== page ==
As can be seen from a casual glance at my book reviews, while I read little fiction, I am keenly interested in science fiction. Sadly, almost all contemporary science fiction is mere social justice agitprop. But there is some quite good relatively modern science fiction, and in particular, I am fond of (no surprise, I suppose) what is commonly called the “Dying Earth” genre, after the name used by Jack Vance in the 1950s. This book, The Pastel City, published in 1971, fits squarely into this genre, but is distinguished by the gem-like quality of its writing, elevating it above the average pulp of late twentieth-century science fiction.
As with all Dying Earth books, the story takes place in the distant future. The opening paragraph of the book is, I think, nearly unparalleled in science fiction opening lines. It may not be “Call me Ishmael,” but I don’t think it could be bettered as setting the scene for this book, and for its sequels (though I reject those as uniformly awful). “Some seventeen notable empires arose in the Middle Period of Earth. These were the Afternoon Cultures. All but one are unimportant to this narrative, and there is little need to speak of them save to say none of them lasted for less than a millennium, none for more than ten; that each extracted such secrets and obtained such comforts as its nature (and the nature of the universe) enabled it to find; and that each fell back from the universe in confusion, dwindled, and died.”
The story itself is about the Evening that follows—scavenger cultures, which beat the machines of their predecessors into swords and contest for supremacy among toxic, blasted lands, occasionally finding and using still operating advanced technology. Harrison sketches the backstory, of two queens, and of the defense of one queen (“Methvet Nian, known in her youth as Jane”), who rules the only extant major city, by the scattered remnants of her father’s paladins, against her cousin, Canna Moidart, who has assembled an army that includes awoken sentient killing machines. The story centers on one of the paladins, tegeus-Cromis, “sometime soldier and sophisticate of Viriconium, the Pastel City, who imagined himself a better poet than swordsman.” Living in retirement at his seaside home of Balmacara, he is drawn into the war as the upstart queen’s army approaches the eponymous capital city. He travels to war, though “he knew he would not come again, riding to the light out of battle, to Balmacara in the morning,” assembling his few remaining comrades, in a hopeless, heroic quest.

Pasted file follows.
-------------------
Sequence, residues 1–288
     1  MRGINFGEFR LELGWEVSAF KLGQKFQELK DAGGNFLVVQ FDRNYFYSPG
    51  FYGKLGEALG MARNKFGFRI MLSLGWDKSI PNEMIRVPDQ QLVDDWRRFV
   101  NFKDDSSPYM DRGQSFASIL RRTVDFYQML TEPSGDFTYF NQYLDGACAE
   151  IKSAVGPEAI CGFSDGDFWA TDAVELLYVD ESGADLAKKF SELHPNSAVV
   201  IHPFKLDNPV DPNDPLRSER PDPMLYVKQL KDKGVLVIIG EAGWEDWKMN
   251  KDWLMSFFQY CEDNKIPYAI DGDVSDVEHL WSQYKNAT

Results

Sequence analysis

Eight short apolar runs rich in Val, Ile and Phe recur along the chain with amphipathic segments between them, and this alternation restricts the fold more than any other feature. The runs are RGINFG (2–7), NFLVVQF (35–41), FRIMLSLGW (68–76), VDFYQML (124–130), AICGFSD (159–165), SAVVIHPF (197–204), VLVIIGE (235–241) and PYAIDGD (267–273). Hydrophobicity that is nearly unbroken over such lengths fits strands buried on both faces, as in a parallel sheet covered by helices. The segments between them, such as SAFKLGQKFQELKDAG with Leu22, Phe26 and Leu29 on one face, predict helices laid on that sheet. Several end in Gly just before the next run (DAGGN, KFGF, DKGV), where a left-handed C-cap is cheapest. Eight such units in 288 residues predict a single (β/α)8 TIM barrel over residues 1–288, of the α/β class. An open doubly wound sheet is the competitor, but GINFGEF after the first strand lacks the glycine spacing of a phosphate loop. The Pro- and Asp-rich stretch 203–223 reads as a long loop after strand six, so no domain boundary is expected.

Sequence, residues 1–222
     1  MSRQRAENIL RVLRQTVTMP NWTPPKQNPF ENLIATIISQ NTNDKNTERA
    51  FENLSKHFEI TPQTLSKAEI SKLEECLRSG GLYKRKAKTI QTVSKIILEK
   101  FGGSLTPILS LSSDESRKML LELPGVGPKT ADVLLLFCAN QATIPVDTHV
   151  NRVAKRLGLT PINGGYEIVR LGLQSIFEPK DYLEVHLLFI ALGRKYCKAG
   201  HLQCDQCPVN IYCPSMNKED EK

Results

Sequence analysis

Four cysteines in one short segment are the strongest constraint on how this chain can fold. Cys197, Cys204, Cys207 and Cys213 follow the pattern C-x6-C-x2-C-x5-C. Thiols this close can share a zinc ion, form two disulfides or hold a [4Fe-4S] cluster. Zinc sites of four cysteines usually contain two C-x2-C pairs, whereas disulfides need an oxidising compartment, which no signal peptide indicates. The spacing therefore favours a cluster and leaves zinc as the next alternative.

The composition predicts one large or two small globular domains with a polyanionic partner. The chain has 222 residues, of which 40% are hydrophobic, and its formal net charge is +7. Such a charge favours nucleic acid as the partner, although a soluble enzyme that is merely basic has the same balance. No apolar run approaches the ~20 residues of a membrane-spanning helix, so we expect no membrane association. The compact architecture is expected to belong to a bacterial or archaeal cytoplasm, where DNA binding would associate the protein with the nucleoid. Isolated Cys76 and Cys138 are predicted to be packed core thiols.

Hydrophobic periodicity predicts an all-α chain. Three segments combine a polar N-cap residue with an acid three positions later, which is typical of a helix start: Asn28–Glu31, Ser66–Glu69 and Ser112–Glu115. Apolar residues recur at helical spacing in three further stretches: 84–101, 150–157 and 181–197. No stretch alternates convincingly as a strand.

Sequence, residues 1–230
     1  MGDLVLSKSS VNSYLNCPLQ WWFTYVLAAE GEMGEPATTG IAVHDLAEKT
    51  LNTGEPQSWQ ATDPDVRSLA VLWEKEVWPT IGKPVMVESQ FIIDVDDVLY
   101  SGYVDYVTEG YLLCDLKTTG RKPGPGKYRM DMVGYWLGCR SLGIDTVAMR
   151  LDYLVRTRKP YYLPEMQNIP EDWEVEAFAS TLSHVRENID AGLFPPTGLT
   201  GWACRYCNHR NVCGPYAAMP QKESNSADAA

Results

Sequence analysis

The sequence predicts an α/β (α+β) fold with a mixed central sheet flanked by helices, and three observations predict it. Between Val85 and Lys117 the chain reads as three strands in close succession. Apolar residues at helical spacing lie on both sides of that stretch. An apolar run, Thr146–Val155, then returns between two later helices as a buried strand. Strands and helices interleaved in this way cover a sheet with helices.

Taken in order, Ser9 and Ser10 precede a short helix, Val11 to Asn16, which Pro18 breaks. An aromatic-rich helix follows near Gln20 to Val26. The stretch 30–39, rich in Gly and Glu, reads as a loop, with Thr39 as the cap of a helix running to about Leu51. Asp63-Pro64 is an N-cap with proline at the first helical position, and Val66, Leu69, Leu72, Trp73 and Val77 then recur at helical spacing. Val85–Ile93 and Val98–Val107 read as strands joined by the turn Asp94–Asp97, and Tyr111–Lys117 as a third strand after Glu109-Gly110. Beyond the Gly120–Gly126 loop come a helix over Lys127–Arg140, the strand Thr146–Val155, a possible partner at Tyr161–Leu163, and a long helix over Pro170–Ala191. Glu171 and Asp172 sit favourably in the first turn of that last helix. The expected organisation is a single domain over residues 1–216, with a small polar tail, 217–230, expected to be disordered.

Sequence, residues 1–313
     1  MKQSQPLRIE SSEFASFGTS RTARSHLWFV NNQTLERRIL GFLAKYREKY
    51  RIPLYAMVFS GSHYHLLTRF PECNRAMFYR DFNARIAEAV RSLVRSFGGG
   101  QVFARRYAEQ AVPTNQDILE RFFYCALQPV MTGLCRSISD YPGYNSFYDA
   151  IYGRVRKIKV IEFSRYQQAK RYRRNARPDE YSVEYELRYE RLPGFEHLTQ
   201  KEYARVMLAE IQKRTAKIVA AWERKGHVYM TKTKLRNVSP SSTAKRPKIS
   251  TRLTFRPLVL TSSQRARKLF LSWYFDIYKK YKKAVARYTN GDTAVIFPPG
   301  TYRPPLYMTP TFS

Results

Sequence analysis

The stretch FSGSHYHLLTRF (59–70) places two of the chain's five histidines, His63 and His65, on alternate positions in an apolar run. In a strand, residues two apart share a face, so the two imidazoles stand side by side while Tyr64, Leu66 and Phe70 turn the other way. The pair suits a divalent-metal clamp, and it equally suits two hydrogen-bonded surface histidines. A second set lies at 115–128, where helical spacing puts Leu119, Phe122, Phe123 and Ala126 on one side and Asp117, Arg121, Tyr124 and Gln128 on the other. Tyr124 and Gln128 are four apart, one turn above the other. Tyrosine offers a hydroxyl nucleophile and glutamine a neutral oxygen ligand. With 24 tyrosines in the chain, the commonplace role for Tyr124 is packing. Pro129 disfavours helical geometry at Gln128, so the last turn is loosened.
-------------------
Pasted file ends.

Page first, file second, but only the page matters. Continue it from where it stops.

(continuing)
All of this is extremely well written, even gripping. It especially resonates with me because my goal is avoiding the dwindling and dying of our own civilization, though I see no clear path to renewal of the West, a civilization whose accomplishments make all other human achievements seem slight and unimportant, but whose rulers and guiding lights have become men of the Evening before it was time. The weary assumption of duty by tegeus-Cromis seems like the common lot of those who today defend the West, lacking even a queen to defend. “Falling back in confusion” is the perfect characterization of our civilization. It is said that Harrison wrote The Pastel City as an anti-heroic book, an attempt to undermine the Tolkein revival. If so, it does not read as that fifty years later. True, it is pervaded by a sense of melancholy, with the world viewed through the resigned pessimism of tegeus-Cromis, who is fully aware that he is a man embodied in the Evening, without a future and in the shadow of the glorious past, yet is compelled by his code to come to the aid of the daughter of the king he served. But no aspect of this story is out of place in an archetypal Heroic Narrative; the hero may have a bit more world-weariness than most, and while he succeeds in his quest, there are implications of the seeds of future trouble being sown (tegeus-Cromis and his companions win the fight by reanimating men of the Afternoon), but those are small differences.